No going back on Dunes Lake land swap arrangement
St. Lazare Mayor Robert Grimaudo said the arrangement made earlier this year to preserve Dunes Lake from further residential development in a land swap arrangement with Habitations Robert will stand and not be rescinded despite objections from some Cedarbrook residents who say they will lose the forested canopy surrounding their houses instead because of the deal.
Mayor Robert Grimaudo rejected a request made by a group of three residents to get St. Lazare council to reverse a decision that resulted in a portion of wooded land being swapped in the Cedarbrook district in order to preserve forested areas of Dunes Lake that were originally scheduled for residential development.
The residents made their impassioned plea to Grimaudo and the town’s six town councillors during the second question period at the November 4 Tuesday evening council meeting in what apparently was a final attempt to get the town to reverse its decision. The Dune’s Lake land that was originally slated for development was ceded to the town in exchange for forested land in the Cedarbrook district that area homeowners mistakenly assumed would have been kept as a green zone since it was previously owned by the municipality.
For the town, the land swap deal was an opportunity to preserve a significant chunk of environmentally sensitive land that would benefit all the town’s residents at no additional cost to taxpayers. But Cedarbrook residents say they’re the ones who will lose their green space at the expense of residents living near Dunes Lake, those who no longer have to worry about any future developments.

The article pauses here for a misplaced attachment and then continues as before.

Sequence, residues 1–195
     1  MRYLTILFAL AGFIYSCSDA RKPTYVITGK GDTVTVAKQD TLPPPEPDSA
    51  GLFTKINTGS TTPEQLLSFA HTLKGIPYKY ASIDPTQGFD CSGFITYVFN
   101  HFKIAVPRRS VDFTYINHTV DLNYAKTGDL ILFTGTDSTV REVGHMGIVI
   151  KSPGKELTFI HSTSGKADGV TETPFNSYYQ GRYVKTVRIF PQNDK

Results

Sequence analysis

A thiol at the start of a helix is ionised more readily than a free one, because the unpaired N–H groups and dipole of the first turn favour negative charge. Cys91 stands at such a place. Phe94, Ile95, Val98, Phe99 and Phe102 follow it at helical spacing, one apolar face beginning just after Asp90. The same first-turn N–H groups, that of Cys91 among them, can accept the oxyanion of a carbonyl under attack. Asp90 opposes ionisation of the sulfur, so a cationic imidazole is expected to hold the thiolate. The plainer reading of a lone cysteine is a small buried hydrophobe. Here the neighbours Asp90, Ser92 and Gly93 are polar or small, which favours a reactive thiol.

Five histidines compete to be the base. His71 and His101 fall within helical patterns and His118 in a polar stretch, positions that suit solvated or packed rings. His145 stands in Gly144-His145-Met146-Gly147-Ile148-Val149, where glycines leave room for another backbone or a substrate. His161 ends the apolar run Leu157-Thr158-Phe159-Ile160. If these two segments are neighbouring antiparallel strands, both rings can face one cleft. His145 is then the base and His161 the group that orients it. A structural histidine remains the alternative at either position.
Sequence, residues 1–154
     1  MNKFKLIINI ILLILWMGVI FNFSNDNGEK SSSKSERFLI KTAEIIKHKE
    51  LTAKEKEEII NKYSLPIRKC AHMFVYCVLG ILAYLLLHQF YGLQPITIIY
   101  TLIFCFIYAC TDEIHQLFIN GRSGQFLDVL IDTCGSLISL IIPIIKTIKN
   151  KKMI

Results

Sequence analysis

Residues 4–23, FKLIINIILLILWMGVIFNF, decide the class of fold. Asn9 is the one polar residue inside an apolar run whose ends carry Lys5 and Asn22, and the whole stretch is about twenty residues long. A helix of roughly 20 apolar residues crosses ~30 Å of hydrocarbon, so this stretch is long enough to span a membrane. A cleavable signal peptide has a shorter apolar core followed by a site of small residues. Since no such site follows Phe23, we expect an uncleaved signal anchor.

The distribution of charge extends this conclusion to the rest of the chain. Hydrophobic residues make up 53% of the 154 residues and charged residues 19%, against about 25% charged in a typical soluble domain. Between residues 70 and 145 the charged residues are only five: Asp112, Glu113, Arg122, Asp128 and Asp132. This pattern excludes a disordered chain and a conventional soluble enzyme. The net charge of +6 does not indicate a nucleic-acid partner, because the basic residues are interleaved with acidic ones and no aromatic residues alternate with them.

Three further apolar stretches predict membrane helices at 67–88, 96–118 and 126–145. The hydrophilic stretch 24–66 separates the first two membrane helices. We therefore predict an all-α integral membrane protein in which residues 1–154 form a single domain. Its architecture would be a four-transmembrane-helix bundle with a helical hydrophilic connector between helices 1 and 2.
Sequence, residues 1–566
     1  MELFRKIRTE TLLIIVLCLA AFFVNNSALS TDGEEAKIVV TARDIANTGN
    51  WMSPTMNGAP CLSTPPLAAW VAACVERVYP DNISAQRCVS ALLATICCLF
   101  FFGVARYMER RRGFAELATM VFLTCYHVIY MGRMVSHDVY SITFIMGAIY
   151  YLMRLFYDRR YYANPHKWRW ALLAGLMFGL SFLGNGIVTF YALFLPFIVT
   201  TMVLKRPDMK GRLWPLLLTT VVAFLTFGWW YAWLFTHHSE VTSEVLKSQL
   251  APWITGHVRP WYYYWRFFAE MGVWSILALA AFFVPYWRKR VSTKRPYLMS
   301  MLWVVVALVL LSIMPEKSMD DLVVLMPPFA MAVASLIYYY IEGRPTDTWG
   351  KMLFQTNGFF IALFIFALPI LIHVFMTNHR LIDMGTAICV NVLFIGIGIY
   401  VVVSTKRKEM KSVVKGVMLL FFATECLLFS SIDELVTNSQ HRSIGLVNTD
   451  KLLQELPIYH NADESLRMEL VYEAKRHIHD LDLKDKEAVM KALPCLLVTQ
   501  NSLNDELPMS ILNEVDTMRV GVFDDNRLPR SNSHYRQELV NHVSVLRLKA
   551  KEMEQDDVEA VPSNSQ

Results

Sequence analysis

The contentious deal was made in early spring. Since August, residents have regularly raised the issue during question period at each monthly council meeting and repeatedly asked the mayor and councillors to reverse their decision, or to at least consider making an alternate arrangement with the developer, Habitations Robert, to swap the Cedarbrook land for another parcel of forested land.
Grimaudo repeatedly rejected the residents’ suggestion for another land swap arrangement, saying all it would do is shift the onus onto other homeowners who would probably also object to having their surrounding land developed, and result in possible legal action against the town by the developer for contravening the deal.
“We were very clear with the residents,” Grimaudo told Your Local Journal after the meeting. “Even this summer, we were there, two councillors and I, and we explained to them that this is not going to change. We said we would meet the contractor, make him sensitive to the construction issues regarding the land and topography, but that the decisions we took are not going to change. Resident Normand Limoges expressed his disappointment and frustration with council’s decision, saying that another land swap deal could have been made if the mayor and council had the will to do so.